The TED Countdown Summit this week invited over 750 people from across the world to gather in Detroit for a 4-day “invite-only gathering” with the purpose of bringing “together a group of global innovators, business executives, scientists, policymakers, next-generation leaders, artists, activists and more who are determined to create a better future.”
Guests had the opportunity to hear presenters of various professional backgrounds speak about their innovations, discoveries, and ideas through storytelling or dialogue with a moderator. The event included the likes of Al Gore, Al Roker and climate luminaries like Paul Hawken. Guests also explored supplemental breakthrough sessions, exhibits, and off-site visits to local organizations.
While many appreciated the thought-provoking analyses and conversations offered throughout the conference, others couldn’t help but wonder if the event left out many who have been for decades and continue to be greatly affected by environmental injustice and climate change.
One of those was a local native Diamond Spratling, who noticed a lack of representation of Black women and Black climate justice leaders from Detroit at the conference. But that didn’t stop her from taking up space.
Spratling, the founder and executive director of Girl Plus Environment, was not invited to attend the summit in her hometown, yet she asserted herself despite this, emailing conference coordinators and expressing the need for more Black representation from Detroit.
“You need to have people from Detroit to be a part of these conversations taking leadership in the things that we’re talking about,” she said.
Girl Plus Environment is an organization Spratling created to educate, engage and empower Black and brown women to stand up for climate and environmental justice in their neighborhoods.
A special session during Thursday’s series of events allowed local grassroots climate organizers to attend on a limited invite-only basis. The feeling was distasteful to some organizers who accepted the invite.
Detroiter Calandra Jones had high expectations as she knew TED Countdown events did not offer community invitations in the past. But she mentioned a sense of inauthenticity, disconnectedness, and “tone deafness” when she showed up, hoping to see more climate leaders from Detroit and to hear more about the work of those on the front lines.
“There wasn’t enough attention given to Detroit specifically, which has been a leader in the climate space across the United States; we have some of the most innovative climate thinkers in the country,” Jones told Planet Detroit. “As an emerging leader in climate, I think I have high expectations of any event that claims to have a global reach when it comes to Detroit.”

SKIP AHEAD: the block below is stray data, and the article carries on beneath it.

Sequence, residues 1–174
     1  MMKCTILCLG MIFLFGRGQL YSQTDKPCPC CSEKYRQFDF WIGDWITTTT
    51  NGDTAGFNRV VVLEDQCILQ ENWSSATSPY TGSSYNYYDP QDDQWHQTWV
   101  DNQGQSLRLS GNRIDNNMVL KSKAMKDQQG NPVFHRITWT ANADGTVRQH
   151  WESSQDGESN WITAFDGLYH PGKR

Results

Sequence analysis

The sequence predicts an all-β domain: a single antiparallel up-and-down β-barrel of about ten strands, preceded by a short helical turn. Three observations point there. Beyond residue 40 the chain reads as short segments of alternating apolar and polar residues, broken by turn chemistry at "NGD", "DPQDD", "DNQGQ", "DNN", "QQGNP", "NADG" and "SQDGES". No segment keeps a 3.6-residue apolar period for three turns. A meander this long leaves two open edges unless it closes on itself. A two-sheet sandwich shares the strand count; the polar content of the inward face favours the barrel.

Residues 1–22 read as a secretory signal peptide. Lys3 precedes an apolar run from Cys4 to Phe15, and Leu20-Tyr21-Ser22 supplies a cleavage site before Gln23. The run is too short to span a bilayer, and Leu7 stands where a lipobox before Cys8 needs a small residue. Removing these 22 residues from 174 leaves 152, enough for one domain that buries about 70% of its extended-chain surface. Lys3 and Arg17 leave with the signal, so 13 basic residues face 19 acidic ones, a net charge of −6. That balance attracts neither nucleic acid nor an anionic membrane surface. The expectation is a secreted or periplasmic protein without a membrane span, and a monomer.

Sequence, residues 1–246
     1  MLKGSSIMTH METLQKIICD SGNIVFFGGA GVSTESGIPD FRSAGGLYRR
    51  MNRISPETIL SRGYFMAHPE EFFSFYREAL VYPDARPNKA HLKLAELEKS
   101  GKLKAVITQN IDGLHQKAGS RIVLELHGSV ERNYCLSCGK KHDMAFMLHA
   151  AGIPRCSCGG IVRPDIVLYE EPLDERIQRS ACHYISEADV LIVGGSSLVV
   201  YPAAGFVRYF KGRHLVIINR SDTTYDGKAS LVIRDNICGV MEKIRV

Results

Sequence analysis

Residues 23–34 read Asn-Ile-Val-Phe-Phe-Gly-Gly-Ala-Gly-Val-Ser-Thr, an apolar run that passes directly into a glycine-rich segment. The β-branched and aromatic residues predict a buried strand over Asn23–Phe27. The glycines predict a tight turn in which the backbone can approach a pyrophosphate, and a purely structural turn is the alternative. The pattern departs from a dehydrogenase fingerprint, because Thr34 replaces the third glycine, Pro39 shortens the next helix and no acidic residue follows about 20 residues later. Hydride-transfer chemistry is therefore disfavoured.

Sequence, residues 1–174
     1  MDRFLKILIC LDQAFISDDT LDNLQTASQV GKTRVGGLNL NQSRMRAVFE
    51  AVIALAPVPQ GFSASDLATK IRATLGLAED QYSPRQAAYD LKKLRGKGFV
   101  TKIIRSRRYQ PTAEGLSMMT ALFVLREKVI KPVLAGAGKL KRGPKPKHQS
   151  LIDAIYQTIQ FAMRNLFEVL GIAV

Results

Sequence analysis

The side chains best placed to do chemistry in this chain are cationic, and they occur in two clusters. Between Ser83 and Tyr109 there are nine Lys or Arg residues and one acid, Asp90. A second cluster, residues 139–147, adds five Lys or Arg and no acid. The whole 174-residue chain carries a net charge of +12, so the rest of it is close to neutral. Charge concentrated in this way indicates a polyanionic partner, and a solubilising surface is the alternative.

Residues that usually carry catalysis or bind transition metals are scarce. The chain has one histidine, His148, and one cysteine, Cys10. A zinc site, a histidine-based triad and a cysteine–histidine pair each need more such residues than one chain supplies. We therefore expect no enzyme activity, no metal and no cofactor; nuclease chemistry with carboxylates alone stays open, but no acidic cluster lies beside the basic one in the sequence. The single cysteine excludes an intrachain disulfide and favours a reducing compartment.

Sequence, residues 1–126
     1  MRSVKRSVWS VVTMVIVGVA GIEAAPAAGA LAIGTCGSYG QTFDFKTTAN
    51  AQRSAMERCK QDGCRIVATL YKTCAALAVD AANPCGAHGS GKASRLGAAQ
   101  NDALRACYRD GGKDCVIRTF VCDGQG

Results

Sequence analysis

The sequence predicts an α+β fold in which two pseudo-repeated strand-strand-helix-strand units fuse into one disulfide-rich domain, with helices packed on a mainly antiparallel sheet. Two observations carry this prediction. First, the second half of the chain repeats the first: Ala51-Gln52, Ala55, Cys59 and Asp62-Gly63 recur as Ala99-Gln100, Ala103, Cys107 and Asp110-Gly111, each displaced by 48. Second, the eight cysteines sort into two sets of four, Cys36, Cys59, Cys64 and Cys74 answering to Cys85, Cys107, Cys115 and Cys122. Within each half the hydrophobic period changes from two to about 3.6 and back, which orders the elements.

Despite the limited representation of grassroots Black and brown climate justice advocates from Detroit, the session did honor a few Black women leaders from the city. Anika Goss of Detroit Future City, Laprisha Berry Daniels of Detroiters Working for Environmental Justice, and Payton Wilkins of Mandela Jones Consulting Group represented Detroit on the TED stage, speaking on local climate change impacts like flooding and organizing against fossil fuels as a union movement.
The conference also included other women of color from across the globe. Energy access innovator Tombo Banda, a Black woman engineer, shared how the people of Sub-Saharan Africa live without access to electricity, leaving towns to rely on kerosene fuel and deforestation as energy sources for lighting and cooking.
She noted that 15% of Malawians and more than 500,000 Sub-Saharan Africans are living without electricity. Banda’s mission is to provide solutions rooted in solar panels that would better power the towns currently without electricity.
As we reflect on the conference’s theme of “Turning Vision into Reality” and revisit the purpose of the gathering, it is natural to question how innovators and attendees can connect with those directly impacted and on the frontlines of the fight against climate change and injustice.
This interconnectedness and interdependence are crucial in our collective effort to combat a battle we are already losing. We must also consider how these innovative and thought-provoking conversations can effectively reach lawmakers who hold the fate of our climate and our livelihoods in their hands.
Centering grassroots Black and brown voices who are most impacted should be at the forefront as our struggles have long existed before climate change was the hottest topic.
“That’s not rare for the climate space as very often there aren’t a lot of [Black and brown people] here,” said Spratling. “We need to change that, especially when we talk about equitable solutions when we talk about wanting to make sure that those solutions are sustainable, and for us and prioritizing the frontline community.”
You can learn more about the presenters and The TED Countdown Summit here.